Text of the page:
Bird flu outbreak spreads to Belgium
Brussels – A highly contagious strain of bird flu that has affected poultry farmers in France and Germany has now spread to Belgium, officials said on Thursday.
The H5N8 avian virus was identified late Wednesday among birds at a home in the Dutch-speaking region of Flanders between the cities of Brussels and Ghent.
“The virus that has hit our neighbours in the past months has now reached Belgium,” said Belgian Agriculture Minister Willy Borsus.
“Professional farmers have not been affected, but we must be vigilant,” he added.
Belgium in November preventively implemented confinement measures in order to stop an epidemic during the bird migratory season.
Authorities on Thursday expanded them to include private owners of poultry and other birds.
The H5N8 strain can spread quickly in affected farms, often leading to the culling of thousands of birds.
Since October, the strain has been detected in 15 other European countries including Britain, France and Germany.
Hungary has had the highest number of outbreaks in the past three months, with 201 cases reported in farms and four in wild birds.
Some 190,000 ducks were destroyed on Saturday at six farms in the Netherlands following an avian flu outbreak, the country’s first cull in response to an epidemic sweeping northern Europe.
Outbreaks of avian flu, primarily the highly pathogenic H5N8 strain, have been reported in Denmark, Finland, Germany and Sweden over the past week.
Will the worst bird flu outbreak in US history finally make us reconsider factory farming chicken?
The outbreak has required that farmers resort to fire-extinguisher foam to kill off infected flocks. Can commercial farms protect themselves, or is US chicken farming fundamentally unsustainable?
Iowa, the hardest hit, has euthanized more than 31 million birds, including approximately 40% of the state’s 60 million laying hens, according to Randy Olson, executive director of the Iowa Poultry Association. Turkey farmers in the state, while affected to a lesser degree, also have suffered. Minnesota, the leading turkey producer, has lost nearly 9 million turkeys.
The massive challenge of disposing of these sick birds illustrates the scale of chicken farming in the US. When avian flu infects a single bird on a chicken farm, the whole population has to be destroyed in order to stop the spread. In Iowa, for example, where an egg farm holds anywhere from 70,000 to 5 million birds, infection means slaughtering an unimaginable number of animals.
…. Meanwhile for turkeys and broiler chickens, which are floor-reared (ie not kept in cages), the use of water-based foam similar to that used by firefighters is the most effective way to euthanize a large flock in a short period of time, says Beth Carlson, North Dakota’s deputy state veterinarian.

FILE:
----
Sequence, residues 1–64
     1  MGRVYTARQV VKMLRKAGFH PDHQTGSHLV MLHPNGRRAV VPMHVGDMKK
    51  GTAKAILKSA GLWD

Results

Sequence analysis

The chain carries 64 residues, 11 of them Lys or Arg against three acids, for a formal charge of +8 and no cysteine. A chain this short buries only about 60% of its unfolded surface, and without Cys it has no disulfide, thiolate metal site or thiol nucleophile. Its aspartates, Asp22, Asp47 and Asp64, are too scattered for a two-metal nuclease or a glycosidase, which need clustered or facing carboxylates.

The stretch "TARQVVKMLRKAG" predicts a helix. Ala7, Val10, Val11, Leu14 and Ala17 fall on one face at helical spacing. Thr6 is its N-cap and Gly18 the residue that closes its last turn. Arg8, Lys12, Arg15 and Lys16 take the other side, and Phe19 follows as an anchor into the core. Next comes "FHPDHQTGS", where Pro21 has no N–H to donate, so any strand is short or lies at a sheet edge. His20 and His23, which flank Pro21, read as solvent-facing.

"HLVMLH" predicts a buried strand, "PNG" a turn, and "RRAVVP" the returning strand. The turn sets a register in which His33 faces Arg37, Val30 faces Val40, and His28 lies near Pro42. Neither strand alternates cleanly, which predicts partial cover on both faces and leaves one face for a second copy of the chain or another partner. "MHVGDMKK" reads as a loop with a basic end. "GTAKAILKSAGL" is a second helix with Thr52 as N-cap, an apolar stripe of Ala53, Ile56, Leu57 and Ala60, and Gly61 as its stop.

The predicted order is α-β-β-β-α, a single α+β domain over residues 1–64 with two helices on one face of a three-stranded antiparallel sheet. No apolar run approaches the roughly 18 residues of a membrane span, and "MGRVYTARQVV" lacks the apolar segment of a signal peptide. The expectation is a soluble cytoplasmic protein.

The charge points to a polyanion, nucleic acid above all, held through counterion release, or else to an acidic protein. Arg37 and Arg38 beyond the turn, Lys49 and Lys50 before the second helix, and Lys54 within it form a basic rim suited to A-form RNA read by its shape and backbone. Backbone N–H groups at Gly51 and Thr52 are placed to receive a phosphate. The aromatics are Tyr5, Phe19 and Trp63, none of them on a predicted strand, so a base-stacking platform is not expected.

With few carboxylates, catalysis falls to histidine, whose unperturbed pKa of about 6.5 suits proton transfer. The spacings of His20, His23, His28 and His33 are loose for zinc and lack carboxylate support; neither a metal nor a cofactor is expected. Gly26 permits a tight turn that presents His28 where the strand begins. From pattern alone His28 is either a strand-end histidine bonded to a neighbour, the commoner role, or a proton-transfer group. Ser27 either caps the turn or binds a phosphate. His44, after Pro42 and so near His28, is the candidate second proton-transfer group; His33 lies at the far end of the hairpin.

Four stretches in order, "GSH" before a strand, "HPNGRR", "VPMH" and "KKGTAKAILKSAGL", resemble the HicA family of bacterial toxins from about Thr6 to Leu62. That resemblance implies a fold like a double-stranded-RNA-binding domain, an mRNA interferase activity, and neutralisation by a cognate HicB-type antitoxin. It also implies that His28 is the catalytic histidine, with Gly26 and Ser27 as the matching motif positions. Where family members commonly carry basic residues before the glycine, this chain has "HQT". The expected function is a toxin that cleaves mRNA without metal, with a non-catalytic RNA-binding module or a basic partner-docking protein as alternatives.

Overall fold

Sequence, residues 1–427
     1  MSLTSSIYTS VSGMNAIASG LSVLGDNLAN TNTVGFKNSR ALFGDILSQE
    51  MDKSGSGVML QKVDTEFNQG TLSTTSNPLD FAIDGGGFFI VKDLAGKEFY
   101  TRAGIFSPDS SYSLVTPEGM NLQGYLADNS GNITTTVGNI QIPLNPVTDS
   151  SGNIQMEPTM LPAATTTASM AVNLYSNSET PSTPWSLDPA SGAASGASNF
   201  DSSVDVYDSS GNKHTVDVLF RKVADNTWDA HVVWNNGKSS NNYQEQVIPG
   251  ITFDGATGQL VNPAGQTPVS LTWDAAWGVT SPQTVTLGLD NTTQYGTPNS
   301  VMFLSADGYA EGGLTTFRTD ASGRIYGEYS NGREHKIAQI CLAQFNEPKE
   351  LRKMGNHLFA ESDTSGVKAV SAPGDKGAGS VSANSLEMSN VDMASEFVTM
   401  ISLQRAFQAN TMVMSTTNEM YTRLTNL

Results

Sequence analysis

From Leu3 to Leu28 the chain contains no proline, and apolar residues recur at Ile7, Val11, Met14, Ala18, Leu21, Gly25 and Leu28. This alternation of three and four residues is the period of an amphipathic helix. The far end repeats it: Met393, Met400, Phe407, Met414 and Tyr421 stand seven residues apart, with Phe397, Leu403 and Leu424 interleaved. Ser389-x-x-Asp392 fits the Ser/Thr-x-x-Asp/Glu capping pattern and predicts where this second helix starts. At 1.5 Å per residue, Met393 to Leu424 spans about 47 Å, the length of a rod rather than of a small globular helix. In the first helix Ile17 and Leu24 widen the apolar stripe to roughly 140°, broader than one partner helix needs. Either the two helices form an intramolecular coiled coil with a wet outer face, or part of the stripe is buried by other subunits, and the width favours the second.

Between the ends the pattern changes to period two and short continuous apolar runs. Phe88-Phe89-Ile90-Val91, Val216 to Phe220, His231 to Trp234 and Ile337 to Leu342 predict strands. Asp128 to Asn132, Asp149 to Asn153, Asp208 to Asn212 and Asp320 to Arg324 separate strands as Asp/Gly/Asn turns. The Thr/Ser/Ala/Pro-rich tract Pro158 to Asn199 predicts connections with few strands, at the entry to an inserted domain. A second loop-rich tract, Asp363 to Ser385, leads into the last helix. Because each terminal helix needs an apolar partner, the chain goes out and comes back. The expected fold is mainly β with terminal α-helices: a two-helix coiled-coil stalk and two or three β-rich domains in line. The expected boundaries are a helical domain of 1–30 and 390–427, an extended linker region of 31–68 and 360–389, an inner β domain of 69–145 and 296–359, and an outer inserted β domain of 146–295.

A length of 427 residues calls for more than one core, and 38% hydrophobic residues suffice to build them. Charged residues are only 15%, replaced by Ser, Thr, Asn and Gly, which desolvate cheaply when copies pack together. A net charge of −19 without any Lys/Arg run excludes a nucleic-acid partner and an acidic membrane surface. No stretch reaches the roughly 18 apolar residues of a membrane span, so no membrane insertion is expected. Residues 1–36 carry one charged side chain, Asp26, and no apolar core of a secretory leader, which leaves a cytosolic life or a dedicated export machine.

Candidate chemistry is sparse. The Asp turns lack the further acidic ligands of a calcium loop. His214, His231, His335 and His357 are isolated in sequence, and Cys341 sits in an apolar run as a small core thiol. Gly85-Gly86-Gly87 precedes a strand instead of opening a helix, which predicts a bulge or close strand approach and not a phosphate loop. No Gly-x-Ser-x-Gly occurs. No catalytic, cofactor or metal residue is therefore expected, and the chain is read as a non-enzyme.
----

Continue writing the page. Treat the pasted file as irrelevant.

Approved for use by the USDA in 2006, the water-based foam suffocates the birds, which are typically herded into an enclosed area of the barn so that the foam can be deployed more quickly.
…. Not all agree that using foam is humane. “We could do better,” says Michael Blackwell, chief veterinary officer at The Humane Society of the United States, who likens death by foam to “cuffing a person’s mouth and nose, during which time you are very much aware that your breathing has been precluded”.
…. Based on the size of the flock and local conditions, the dead birds are composted on-site (either indoors or outdoors), composted off-site, buried, moved to landfills or incinerated. Composting – in which dead birds are laid in rows, mixed with a bulking agent such as wood chips or saw dust and then left for approximately 30 days – is the preferred method of disposal, Benson says, because the virus is killed by the heat produced as the birds decompose. The problem with landfills, according to Benson, is that the virus might contaminate the soil or groundwater.
…. Commercial poultry farms, on the other hand, “are designed like a disease incubator”, thanks to dark, moist and crowded conditions.
…. When a bird is bred so that all its energy goes to the production of meat or eggs, “something has to give”, says the ASPCA’s McMillan. “The science indicates that a bird’s immunity goes down.”
…. It’s the system that is at fault, according to McMillan. “We are forcing birds to live in unbalanced ways, both physically and genetically,” she says. Commercial poultry flocks “are bred to suffer. We force them to live a life of misery, and from that perspective, they are going to be more prone to contracting and spreading disease. These are not healthy, balanced animals.”
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